- Mayawati accused BJP of "hijacking the elections with the help of EVMs"
- The "trust of the nation has been broken" after the polls, she said
- Didn't expect "such a bad performance" from grand alliance, she added
Mayawati, who conveyed the desire to be the country's next Prime Minister to a leader from south India on Wednesday, has blamed the manipulation of Electronic Voting Machines for her crushing defeat in the national elections. She also accused the BJP of "hijacking the elections with the help of EVMs".
Mayawati's alliance with Samajwadi chief Akhilesh Yadav and Ajit Singh was billed to beat the BJP in the country's largest state, which sends the maximum number of lawmakers to the Lok Sabha.
Instead, the alliance is likely to get less than one-fourth of the 80 seats in the state, while the BJP is set to win 60-plus seats.
On Thursday evening, Mayawati accused the BJP of "hijacking the national elections with the help of EVMs" after the leads indicated a clear majority for the ruling party.
"The whole country was opposing EVMs and after today's results, the remaining faith of the public will also vanish," said the BSP chief, who, after the BJP victory in the 2017 assembly elections, had alleged that voting machines were tampered with to favour the BJP.
Mayawati had even demanded that voting be done on ballot papers instead of EVMs.
The "trust of the nation has been broken" after the national election, Mayawati said on Thursday. "There is something fishy about the Election Commission and the BJP both not agreeing to Ballot Papers" she added.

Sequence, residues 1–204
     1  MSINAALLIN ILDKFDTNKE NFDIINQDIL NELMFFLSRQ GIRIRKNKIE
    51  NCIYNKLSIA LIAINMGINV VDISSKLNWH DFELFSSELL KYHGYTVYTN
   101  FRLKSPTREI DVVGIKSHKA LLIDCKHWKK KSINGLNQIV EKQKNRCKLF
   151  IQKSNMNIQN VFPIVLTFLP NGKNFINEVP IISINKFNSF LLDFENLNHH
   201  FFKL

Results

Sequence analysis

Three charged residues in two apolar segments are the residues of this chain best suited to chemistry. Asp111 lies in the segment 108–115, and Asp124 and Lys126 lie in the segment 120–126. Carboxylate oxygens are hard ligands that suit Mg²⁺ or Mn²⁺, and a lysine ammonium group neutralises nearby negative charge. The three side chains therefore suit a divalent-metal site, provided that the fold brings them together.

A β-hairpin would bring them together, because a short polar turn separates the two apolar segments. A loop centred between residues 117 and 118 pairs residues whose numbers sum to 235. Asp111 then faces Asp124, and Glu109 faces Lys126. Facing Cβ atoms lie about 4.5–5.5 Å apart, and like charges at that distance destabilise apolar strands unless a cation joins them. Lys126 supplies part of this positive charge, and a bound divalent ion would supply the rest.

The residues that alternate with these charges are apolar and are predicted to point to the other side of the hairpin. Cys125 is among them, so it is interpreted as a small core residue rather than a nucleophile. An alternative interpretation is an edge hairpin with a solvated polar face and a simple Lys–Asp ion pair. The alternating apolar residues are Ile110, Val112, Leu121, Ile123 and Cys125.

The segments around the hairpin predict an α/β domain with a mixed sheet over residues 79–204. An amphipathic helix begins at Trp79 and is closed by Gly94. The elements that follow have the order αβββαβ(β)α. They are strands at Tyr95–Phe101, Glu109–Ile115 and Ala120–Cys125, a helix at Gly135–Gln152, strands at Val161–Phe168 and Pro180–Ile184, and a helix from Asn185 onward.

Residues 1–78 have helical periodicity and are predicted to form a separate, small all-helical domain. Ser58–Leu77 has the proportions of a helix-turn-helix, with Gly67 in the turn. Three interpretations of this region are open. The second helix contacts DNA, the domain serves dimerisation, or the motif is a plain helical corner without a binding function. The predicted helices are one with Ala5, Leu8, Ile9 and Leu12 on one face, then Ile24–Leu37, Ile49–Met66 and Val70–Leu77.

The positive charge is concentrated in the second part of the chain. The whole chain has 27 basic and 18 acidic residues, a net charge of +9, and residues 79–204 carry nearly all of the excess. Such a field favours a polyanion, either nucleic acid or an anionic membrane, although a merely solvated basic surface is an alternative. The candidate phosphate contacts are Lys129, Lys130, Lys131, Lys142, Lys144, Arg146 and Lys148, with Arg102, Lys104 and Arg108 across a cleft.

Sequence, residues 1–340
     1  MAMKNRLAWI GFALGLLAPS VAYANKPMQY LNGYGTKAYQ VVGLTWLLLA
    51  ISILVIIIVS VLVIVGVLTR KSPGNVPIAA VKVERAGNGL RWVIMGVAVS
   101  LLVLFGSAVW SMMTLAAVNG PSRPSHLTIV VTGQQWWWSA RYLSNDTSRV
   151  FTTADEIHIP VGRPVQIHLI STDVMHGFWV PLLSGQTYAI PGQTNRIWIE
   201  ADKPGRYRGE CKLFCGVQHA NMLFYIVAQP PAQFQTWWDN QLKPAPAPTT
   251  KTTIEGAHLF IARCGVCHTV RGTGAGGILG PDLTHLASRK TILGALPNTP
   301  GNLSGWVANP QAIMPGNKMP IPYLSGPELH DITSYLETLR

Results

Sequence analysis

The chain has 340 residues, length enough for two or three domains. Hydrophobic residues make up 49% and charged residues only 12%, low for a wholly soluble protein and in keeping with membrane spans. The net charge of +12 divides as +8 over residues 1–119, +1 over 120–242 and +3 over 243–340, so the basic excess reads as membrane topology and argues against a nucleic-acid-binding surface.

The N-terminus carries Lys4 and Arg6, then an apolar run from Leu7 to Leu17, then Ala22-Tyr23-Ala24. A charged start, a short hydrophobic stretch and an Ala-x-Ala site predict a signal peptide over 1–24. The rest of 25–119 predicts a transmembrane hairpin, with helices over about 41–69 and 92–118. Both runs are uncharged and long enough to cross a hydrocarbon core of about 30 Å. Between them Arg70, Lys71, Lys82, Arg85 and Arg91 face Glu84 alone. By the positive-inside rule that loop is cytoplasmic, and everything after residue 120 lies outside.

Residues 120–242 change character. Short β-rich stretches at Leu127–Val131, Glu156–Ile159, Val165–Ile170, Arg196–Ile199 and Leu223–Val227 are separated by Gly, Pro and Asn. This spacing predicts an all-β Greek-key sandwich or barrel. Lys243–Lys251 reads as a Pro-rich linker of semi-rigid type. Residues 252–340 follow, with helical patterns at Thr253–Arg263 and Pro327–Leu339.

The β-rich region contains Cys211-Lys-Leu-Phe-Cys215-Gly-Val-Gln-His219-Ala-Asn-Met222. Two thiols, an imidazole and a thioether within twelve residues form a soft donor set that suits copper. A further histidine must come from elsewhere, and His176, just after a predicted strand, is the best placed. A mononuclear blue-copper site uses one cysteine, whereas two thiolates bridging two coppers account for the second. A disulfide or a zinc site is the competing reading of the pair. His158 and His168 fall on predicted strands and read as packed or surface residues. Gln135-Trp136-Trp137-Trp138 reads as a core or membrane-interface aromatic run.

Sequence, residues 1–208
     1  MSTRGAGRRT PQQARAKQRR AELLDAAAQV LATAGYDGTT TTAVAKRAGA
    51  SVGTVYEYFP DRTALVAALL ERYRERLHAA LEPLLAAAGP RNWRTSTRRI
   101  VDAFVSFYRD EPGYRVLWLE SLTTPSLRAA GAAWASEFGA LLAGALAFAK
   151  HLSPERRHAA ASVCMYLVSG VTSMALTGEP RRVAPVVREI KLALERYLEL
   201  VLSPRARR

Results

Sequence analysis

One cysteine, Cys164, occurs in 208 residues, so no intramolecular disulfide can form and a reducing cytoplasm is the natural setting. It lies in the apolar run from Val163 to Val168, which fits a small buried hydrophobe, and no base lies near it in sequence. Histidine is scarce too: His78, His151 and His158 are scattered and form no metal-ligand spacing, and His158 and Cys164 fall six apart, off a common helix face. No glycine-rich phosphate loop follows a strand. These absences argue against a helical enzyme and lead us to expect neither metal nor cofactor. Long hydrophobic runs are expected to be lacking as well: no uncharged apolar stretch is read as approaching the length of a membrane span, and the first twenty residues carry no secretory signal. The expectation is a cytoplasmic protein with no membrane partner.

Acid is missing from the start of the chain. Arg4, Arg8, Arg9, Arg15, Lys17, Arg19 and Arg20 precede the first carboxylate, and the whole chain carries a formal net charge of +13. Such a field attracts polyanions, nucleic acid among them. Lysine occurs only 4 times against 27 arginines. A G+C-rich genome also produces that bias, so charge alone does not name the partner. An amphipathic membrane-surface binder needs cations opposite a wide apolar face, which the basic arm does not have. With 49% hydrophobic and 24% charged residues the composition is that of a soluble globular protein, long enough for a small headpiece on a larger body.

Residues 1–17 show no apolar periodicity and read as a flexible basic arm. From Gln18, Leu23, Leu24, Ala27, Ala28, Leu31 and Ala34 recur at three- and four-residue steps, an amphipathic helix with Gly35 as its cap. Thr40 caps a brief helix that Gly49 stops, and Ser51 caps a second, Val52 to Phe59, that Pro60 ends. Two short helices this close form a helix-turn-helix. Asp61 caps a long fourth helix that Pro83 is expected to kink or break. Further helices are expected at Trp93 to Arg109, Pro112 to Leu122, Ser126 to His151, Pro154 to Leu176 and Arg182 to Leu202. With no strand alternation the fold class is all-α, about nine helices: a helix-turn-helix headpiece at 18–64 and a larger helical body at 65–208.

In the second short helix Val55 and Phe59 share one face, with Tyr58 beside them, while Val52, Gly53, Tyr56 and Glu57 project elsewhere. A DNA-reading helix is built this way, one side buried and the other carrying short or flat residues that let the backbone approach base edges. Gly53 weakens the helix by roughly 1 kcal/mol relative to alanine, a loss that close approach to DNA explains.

She said she did not expect "such a bad performance" from the grand alliance and the result is "quite the opposite of the public sentiment".
Mayawati's BSP had tied up with Akhilesh Yadav-led Samajwadi Party and the Rashtriya Lok Dal of Ajit Singh, keeping the Congress out. But Congress chief Rahul Gandhi had insisted on contesting most of the seats in Uttar Pradesh - a move that was expected to play into the hands of the BJP by splitting the anti-BJP vote.
Samajwadi chief Akhilesh had earlier claimed the gathbandhan would win more than 50 seats in the state.
The BSP chief, who had been in talks with various opposition parties to forge an anti-BJP front for a post-election scenario, had earlier conveyed her desire to be the prime minister to one of the southern leaders she met recently. Mayawati had told the leader that her party's support would go to "whoever supports me for Prime Minister".
Earlier this month, she told her workers that she "may have to" contest the Lok Sabha election from Uttar Pradesh's Ambedkar Nagar "if all goes well" - a remark taken to mean that she was aiming for the top job.
(With inputs from PTI)
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